Federal Bureau of Investigation arrests man who sent seizure-inducing tweet to journalist

Adjust Comment Print

Eichenwald also said on his Twitter Friday that more than 40 people sent messages to him trying to provoke seizures after the incident.

Additional news outlets have also confirmed the arrest was made this morning through Federal Bureau of Investigation spokespersons.

Eichenwald, who has contributed to Vanity Fair and Newsweek, has written openly about his epilepsy. Eichenwald had just appeared on Fox News Channel's "Tucker Carlson Tonight" where he discussed some of the negative tweets he had posted about President Donald Trump including his unsubstantiated claim that Trump was in a mental hospital in 1990.

Meanwhile, Newsweek identified the suspect as John Rivello, who was arrested early Friday at his residence in Salsbury, Maryland. Immediately upon opening the message, Eichenwald reportedly suffered a seizure. Eichenwald said in court documents that the animation triggered a seizure.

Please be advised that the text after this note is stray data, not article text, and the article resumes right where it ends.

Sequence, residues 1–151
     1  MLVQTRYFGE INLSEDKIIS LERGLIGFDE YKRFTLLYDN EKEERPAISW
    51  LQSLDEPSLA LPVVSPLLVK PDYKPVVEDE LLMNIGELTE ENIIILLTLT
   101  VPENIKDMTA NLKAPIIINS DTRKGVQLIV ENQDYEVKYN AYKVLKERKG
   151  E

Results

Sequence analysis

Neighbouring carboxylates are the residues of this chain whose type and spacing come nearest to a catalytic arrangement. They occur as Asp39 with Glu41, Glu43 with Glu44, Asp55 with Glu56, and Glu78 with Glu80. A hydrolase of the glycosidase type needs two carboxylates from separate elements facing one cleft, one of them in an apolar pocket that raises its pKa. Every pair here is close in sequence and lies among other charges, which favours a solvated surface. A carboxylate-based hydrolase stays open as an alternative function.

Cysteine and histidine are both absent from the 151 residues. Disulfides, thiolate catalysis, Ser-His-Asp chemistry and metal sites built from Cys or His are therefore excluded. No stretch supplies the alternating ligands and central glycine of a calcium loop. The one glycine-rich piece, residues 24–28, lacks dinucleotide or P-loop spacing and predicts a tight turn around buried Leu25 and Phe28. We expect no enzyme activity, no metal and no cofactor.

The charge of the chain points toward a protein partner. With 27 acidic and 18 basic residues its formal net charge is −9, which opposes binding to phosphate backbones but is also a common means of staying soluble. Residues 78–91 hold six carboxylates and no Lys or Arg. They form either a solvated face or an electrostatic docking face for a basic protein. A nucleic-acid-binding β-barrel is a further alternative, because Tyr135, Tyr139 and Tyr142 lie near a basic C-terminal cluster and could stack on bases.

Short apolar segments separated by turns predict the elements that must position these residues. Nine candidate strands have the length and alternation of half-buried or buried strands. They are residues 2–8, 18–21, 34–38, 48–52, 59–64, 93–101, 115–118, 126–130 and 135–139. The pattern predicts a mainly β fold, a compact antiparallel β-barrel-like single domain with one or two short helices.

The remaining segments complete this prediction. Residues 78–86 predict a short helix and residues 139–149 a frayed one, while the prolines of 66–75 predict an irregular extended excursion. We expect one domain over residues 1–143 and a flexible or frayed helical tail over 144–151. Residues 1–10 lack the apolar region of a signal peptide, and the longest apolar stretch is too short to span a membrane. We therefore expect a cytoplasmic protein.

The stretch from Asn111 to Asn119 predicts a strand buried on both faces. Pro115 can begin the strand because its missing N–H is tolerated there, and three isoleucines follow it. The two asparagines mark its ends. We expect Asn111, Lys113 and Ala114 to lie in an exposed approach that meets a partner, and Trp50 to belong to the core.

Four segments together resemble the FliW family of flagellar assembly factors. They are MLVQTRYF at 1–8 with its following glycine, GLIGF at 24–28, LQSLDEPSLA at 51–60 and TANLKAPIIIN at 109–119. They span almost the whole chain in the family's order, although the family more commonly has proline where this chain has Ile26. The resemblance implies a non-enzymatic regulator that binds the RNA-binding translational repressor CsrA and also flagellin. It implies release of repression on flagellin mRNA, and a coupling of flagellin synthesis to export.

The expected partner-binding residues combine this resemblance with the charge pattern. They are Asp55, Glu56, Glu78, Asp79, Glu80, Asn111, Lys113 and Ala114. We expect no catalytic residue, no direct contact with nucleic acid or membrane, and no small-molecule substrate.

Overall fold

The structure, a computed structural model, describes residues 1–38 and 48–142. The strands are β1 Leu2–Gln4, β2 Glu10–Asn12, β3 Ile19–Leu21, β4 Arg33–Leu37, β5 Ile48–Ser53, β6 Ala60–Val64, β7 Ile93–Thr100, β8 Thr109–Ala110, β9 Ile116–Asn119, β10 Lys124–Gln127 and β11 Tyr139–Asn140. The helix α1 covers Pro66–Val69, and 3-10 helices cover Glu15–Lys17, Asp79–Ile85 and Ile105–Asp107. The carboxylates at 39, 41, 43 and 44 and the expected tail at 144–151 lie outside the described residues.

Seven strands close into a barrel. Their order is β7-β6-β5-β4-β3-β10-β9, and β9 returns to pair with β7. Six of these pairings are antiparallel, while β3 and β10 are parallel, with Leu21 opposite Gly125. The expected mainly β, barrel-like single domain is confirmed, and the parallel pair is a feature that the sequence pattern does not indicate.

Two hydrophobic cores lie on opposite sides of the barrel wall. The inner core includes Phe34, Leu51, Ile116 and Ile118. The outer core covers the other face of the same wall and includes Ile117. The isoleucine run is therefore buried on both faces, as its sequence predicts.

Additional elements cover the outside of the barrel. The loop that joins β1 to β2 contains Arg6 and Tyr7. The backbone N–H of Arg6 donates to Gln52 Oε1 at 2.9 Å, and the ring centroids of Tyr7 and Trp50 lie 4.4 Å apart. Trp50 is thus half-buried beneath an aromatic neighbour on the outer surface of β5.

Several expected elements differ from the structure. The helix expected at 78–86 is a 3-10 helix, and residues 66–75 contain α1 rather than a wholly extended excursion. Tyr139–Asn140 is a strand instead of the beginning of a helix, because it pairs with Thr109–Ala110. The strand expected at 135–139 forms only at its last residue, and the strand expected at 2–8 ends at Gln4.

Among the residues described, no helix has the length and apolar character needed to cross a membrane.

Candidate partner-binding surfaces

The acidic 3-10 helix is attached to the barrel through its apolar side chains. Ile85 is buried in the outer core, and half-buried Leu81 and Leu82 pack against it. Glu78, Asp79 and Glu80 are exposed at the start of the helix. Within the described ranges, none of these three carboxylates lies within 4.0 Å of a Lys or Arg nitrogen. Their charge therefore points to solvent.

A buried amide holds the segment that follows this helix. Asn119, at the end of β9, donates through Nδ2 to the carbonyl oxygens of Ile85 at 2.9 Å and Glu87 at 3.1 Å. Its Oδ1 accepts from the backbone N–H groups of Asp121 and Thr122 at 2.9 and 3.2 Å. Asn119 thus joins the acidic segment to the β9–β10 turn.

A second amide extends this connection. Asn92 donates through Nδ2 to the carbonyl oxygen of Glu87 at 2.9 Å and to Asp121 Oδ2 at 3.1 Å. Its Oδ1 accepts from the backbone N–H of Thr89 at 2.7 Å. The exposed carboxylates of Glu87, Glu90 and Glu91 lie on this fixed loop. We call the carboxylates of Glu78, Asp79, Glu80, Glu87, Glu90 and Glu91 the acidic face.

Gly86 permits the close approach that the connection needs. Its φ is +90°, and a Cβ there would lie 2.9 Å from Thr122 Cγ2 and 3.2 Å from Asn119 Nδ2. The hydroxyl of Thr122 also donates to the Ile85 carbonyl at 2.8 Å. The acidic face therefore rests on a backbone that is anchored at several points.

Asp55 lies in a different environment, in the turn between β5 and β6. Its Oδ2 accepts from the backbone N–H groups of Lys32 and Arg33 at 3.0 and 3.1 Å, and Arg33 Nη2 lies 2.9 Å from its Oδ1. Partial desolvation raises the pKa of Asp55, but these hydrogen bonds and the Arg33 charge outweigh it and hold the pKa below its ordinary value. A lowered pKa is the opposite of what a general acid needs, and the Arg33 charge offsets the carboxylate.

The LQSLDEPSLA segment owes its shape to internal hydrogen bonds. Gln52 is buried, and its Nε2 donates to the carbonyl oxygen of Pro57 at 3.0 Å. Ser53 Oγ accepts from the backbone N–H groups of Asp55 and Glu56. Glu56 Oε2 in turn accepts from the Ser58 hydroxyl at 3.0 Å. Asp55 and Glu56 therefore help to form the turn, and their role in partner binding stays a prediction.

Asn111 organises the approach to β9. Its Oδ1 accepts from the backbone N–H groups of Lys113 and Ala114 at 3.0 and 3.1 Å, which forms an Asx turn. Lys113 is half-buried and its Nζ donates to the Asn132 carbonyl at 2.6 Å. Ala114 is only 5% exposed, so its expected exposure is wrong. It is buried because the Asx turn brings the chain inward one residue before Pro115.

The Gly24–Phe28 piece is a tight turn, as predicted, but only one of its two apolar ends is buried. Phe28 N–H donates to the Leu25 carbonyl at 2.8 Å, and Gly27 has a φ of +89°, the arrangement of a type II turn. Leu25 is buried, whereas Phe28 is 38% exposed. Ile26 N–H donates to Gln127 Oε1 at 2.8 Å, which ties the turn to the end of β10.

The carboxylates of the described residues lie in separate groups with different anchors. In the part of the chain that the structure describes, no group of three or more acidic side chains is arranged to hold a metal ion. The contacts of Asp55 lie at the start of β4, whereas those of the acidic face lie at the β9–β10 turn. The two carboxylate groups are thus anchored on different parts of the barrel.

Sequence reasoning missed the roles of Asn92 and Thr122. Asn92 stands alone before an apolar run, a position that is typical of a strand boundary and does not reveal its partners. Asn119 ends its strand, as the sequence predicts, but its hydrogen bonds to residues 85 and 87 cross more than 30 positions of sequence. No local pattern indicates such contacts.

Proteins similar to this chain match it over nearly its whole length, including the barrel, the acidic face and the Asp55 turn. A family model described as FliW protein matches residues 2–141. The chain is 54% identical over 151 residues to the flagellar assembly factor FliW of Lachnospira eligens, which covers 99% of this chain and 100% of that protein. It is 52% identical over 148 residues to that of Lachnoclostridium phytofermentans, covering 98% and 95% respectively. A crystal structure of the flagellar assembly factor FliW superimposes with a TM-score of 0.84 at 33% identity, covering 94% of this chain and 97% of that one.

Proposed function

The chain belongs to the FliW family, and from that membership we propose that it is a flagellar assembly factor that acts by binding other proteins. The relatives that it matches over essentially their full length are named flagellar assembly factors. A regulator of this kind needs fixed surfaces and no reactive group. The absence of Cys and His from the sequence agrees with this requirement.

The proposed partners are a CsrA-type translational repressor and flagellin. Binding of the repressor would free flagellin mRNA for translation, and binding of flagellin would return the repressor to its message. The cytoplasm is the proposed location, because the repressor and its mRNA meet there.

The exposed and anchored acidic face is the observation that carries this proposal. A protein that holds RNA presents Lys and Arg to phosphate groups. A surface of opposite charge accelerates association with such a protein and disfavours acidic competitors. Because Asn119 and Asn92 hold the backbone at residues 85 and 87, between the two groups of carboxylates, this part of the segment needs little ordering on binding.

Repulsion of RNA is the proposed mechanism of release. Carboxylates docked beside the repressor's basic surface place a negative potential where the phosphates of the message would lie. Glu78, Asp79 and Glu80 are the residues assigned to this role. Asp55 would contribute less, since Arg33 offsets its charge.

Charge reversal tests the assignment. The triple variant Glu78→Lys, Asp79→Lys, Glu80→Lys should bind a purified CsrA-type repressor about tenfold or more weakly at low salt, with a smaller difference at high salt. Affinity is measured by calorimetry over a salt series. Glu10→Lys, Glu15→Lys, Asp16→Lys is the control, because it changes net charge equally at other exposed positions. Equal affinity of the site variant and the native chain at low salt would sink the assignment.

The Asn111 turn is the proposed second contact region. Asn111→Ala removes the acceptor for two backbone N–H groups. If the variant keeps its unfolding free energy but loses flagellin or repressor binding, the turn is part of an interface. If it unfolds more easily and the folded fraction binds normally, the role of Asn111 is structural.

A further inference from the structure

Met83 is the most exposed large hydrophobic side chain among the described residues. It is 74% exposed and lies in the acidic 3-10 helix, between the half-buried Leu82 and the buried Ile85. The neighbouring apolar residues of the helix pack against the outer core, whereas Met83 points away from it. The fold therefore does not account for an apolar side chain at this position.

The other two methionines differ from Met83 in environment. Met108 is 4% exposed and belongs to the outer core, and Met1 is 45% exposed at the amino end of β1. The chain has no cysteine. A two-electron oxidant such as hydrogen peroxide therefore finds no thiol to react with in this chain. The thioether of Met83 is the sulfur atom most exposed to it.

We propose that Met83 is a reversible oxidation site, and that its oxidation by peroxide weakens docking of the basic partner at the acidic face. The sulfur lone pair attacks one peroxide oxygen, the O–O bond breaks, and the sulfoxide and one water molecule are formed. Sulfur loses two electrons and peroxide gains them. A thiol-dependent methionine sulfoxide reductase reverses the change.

He had also researched epilepsy seizure triggers on the epilepsy.com website.

"What [this person] did with his Twitter message was no different from someone sending a bomb in the mail", Mr Eichenwald's lawyer said. The FBI hasn't issued a press release regarding the arrest as of publication time, and a spokesperson hasn't responded with additional information yet either.

Hagee said the FBI can not comment on ongoing investigations, but Eichenwald tweeted that the agency has details of the other cases of strobes and urged those people to "stop sending them".

Vivek Krishnamurthy, an assistant director at Harvard Law School's Cyber Clinic, told the Times that while some online attacks are aimed at affecting an electrical grid or gain control of air traffic controls, Eichenwald's attack was "distinguishable because it is a targeted physical attack that was personal, using a plain-Jane tool". You may joke to your mates that a flashing light or strobing animation gave you epilepsy. And about a decade ago, hackers descended on an epilepsy-support message board with flashing animations and triggered headaches and seizures in some users.

"It wasn't the content of the communication that was meant to persuade somebody or make them feel badly about themselves", Lieberman told Newsweek.

Eichenwald said on Friday the suspect faces federal charges and is expected to be indicted by the Dallas District Attorney in the next few days.

Comments